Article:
曾焯文報導（Chapman Chen reports）
英國保守黨人權委員會副主席Benedict Rogers（暫譯班乃迪．羅澤思）十月十七日出席倫敦中國大使館外，桂民海女兒舉辦的聲援示威，發言論及桂民海事件及自己被拒入境，表示自己被拒進入香港時，很多人為其仗義執言。「然而，如果一位英國國民被拒進入香港都可引發這樣的維護聲明，言則瑞典國民桂民海被綁架到中國，失踪幾乎兩年，抗議的聲音難道不應更大嗎？桂民海女兒話而今在英國，我乃唯一幫其父講說話的人。請加入我們，質問中國：桂民海何在？」按：羅澤思十月十一日來港私人訪問，但被香港人民入境處遣返上機，事前羅澤思已收中國大使館警告不得來港會晤政治人物。Rogers演講全文（曾焯文譯）如下（資料來源：Hong Kong Cultural & Political Forum文政網）：At a vigil (protesting Gui Minhai’s disappearance) outside the Chinese embassy in London on 17 October, Benedict Rogers, Deputy Chair of British Conservative Party Human Rights Commission, delivered a speech about the denial of his entry to Hong Kong and Gui Minhai’s abduction by China. “When I was denied entry to Hong Kong, many people spoke up for me…But if such statements can be made in defence of a British national denied entry to Hong Kong, shouldn’t there be a far louder outcry when a Swedish national is abducted and disappeared into mainland China… for two years?” Rogers concluded, “Angela [Gui’s daughter]: ‘To be honest, you are the only one speaking out for my father in Britain right now’… Join us, and ask China: Where is Gui Minhai?” Rogers tried to visit HK on 11 October, but was denied entry. Before that trip, he had received warnings from China Embassy in London that he would be barred from HK for trying to meet political figures there. Rogers’ full speech is as follows（Source：Hong Kong Cultural & Political Forum）:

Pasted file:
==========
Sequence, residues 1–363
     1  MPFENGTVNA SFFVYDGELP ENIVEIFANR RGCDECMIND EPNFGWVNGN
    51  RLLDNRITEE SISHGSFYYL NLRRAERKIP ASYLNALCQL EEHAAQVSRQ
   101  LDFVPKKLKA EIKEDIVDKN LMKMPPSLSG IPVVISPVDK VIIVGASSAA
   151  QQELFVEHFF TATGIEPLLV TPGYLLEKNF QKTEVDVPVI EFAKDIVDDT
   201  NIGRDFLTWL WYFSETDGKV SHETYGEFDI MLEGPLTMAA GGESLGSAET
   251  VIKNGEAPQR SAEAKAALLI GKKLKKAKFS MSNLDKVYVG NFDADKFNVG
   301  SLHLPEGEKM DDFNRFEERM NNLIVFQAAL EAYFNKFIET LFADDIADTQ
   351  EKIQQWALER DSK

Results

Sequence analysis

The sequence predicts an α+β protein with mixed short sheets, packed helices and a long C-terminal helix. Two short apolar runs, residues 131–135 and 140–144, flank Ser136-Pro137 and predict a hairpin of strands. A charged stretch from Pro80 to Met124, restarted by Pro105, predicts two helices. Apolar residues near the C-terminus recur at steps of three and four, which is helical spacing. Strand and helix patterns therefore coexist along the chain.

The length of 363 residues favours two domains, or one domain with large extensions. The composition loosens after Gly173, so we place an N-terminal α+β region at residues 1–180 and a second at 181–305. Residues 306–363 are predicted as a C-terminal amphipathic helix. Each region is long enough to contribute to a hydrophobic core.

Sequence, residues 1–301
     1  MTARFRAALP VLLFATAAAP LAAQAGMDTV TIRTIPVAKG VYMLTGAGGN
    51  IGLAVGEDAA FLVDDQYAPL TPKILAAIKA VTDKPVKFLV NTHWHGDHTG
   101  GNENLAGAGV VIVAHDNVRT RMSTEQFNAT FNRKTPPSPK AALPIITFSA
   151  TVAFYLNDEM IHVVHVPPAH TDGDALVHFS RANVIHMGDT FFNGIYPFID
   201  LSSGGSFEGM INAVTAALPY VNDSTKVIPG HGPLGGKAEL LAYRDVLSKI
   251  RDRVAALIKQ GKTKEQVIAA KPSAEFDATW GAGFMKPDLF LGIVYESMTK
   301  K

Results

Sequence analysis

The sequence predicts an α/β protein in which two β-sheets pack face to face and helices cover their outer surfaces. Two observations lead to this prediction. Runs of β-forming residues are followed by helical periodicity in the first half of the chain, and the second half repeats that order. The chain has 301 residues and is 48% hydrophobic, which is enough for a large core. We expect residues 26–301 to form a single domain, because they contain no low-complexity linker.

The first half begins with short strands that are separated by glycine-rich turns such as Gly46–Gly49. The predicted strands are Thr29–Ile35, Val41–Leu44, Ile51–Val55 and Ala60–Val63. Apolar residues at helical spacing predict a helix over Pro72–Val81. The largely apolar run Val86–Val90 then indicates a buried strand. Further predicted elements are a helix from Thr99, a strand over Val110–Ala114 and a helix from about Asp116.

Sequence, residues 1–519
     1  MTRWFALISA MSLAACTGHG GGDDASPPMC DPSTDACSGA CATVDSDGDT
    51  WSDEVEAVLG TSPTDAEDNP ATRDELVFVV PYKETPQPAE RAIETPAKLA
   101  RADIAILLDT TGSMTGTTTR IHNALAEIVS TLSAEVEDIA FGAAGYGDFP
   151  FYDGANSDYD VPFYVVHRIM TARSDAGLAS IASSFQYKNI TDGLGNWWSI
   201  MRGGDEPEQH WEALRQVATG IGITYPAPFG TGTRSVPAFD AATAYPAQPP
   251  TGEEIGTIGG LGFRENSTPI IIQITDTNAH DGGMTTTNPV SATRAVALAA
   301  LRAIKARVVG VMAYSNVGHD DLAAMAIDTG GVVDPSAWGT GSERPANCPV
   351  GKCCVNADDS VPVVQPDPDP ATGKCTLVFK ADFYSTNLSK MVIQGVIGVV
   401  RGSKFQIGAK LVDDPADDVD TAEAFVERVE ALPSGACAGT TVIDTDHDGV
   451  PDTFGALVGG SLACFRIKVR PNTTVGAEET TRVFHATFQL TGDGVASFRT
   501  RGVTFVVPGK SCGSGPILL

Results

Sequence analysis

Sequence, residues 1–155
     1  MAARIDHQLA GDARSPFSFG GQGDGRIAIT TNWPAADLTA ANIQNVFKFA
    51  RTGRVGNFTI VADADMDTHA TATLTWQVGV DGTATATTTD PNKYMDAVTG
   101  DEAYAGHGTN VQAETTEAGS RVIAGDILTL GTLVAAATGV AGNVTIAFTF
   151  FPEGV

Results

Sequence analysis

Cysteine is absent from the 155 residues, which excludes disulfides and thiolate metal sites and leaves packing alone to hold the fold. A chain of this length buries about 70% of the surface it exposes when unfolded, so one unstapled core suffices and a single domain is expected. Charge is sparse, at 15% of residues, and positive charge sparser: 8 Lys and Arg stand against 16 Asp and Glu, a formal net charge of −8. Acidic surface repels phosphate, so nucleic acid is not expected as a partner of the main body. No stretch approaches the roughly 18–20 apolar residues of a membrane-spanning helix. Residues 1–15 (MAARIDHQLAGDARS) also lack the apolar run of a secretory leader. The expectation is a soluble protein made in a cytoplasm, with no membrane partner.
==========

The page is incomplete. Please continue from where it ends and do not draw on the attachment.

我被拒進入香港時，很多人為我仗義執言。英國外相Boris Johnson和美國國會議員Chris Smith都發表聲明。香港立法會議員陳志全在立法會抗議，手執兩週前他在倫敦和他的合照放大版，立法會主席因此把他被逐出會議室。我非常感激他支持，這對我個人不重要，但對香港和所涉及的原則就好很重要，皆因這並非關於我，而是關於香港及其未來。
然而，如果一位英國國民被拒進入香港都可引發這樣的維護聲明，言則瑞典國民被綁架到中國大陸，失踪隔離幾乎兩年，抗議的聲音難道不應更大嗎？當Angela問我今日可否在中國駐倫敦大使館外的示威中，紀念其父遭綁架兩週年，我即刻應承。我知道團結何等重要。我問她尚有何人會出聲。 她的回覆令人心碎：「老實講，而今在英國，你係唯一幫我爸爸講說話的人」。 這情況必須改變。請加入我們，質問中國：桂文海何在？
Ask China: Where is Gui Minhai? By Benedict Rogers
Just under a week ago, I was denied entry to Hong Kong, simply because I have been a vocal critic of China’s human rights record. I was taken aside by immigration officials, questioned and put back on a plane to Bangkok, all within two hours of landing. The incident drew international media and political attention, particularly because the decision to refuse me entry had been made not by Hong Kong authorities, but by the Chinese regime in Beijing. It raises fundamental questions about Hong Kong’s autonomy and basic freedoms under “one country, two systems”.
Yet while my experience was unpleasant, unnecessary, unjustified and inconvenient, I was unharmed. I flew back to Bangkok, and from there back to London. I can see my family and friends again, and I can speak out freely. Chinese critics of the Communist Party face an altogether far graver threat.
Two years ago today, Gui Minhai, a bookseller and publisher in Hong Kong, disappeared while on holiday in Thailand. Gui, born in China but a Swedish citizen, ran Causeway Bay Books along with four colleagues, publishing and selling works critical of China’s Communist leaders. Gui was abducted by Chinese security agents in Thailand, and taken by force to mainland China. His four colleagues also disappeared at various moments in October 2015 – one of them, Lam Wing-kee, arrested in Shenzhen, just across the border from Hong Kong, another, Lee Bo, a British national, abducted from his Hong Kong warehouse. Yet Gui’s four colleagues were all gradually released one by one in the following months. Gui, however, remains missing.